and camera.intrinsics.someop()
, kaolin overrides the __get_attributes__
function to forward any function calls of camera.someop()
to
the appropriate extrinsics / intrinsics submodule.
The entire pipeline of transformations can be summarized as (ignoring homogeneous coordinates):
World Space Camera View Space
V CameraExtrinsics.transform()> V' CameraIntrinsics.transform()
Shape~(B, 3) (view matrix) Shape~(B, 3) 

(linear lens: projection matrix) 
+ homogeneus > 3D 
V
Normalized Device Coordinates (NDC)
Shape~(B, 3)
When using view / projection matrices, conversion to homogeneous coordinates is required.
Alternatively, the `transform()` function takes care of such projections under the hood when needed.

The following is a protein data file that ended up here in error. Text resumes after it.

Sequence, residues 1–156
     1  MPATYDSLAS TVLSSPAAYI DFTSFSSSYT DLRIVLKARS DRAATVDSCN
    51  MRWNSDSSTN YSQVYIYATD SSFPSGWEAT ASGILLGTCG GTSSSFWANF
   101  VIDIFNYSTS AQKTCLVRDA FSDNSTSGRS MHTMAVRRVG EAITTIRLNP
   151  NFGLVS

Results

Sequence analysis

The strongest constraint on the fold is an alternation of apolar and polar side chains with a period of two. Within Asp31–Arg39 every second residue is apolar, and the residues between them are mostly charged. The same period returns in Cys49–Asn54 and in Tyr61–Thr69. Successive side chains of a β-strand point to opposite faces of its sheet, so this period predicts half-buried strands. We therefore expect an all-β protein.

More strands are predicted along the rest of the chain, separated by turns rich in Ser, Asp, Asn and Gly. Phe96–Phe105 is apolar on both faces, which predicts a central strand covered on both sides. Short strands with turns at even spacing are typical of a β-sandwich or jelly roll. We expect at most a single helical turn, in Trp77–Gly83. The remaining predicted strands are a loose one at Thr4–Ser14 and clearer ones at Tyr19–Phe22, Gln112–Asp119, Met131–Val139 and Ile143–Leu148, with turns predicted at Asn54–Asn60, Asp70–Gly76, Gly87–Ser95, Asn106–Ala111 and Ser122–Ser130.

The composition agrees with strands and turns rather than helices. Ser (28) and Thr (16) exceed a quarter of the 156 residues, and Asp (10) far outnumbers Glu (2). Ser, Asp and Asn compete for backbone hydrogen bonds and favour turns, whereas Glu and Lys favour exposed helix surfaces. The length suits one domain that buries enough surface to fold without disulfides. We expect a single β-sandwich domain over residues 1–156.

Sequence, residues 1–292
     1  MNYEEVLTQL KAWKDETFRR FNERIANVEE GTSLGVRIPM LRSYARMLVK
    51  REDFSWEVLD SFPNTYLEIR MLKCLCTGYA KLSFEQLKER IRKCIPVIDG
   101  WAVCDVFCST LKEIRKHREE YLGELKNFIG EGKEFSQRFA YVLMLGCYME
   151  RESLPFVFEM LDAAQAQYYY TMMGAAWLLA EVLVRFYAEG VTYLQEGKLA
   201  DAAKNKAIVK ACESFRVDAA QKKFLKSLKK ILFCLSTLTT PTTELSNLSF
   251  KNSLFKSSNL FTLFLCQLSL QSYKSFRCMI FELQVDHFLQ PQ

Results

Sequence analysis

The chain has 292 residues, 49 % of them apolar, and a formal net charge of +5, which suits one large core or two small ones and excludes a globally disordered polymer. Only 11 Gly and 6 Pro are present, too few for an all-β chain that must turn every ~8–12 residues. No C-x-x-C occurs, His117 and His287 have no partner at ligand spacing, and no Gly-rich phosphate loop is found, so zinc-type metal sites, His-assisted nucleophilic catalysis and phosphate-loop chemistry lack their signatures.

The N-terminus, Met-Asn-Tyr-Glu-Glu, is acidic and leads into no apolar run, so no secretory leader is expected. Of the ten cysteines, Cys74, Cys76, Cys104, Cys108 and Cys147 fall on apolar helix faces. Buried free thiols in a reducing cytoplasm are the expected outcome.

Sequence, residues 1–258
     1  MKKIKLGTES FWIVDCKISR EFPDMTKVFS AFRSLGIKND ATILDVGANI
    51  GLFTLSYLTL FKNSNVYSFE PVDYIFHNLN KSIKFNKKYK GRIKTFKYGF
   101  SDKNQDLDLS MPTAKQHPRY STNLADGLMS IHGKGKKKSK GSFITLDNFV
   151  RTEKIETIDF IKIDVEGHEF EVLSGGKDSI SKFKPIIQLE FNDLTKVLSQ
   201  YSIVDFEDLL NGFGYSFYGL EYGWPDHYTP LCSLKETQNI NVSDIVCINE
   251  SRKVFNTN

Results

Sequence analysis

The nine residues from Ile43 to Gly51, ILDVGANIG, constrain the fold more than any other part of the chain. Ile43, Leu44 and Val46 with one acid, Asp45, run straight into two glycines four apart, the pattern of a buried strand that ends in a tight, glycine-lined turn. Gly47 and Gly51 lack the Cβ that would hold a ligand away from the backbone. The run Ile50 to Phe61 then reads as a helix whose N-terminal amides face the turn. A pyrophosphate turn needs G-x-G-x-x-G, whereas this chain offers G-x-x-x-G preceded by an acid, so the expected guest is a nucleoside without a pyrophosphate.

How to apply transformations with kaolin’s Camera:
Linear camera types, such as the commonly used pinhole camera, support the
view_projection_matrix()
method. The returned matrix can be used to transform vertices through pytorch’s matrix multiplication, or even be passed to shaders as a uniform.All Cameras are guaranteed to support a general
transform()
function which maps coordinates from world space to Normalized Device Coordinates space. For some lens types which perform non linear transformations, theview_projection_matrix()
is nondefined. Therefore the camera transformation must be applied through a dedicated function. For linear cameras,transform()
may use matrices under the hood.Camera parameters may also be queried directly. This is useful when implementing camera params aware code such as ray tracers.
 How to control kaolin’s Camera:
CameraExtrinsics
: is packed with useful methods for controlling the camera position and orientation:translate()
,rotate()
,move_forward()
,move_up()
,move_right()
,cam_pos()
,cam_up()
,cam_forward()
,cam_up()
.CameraIntrinsics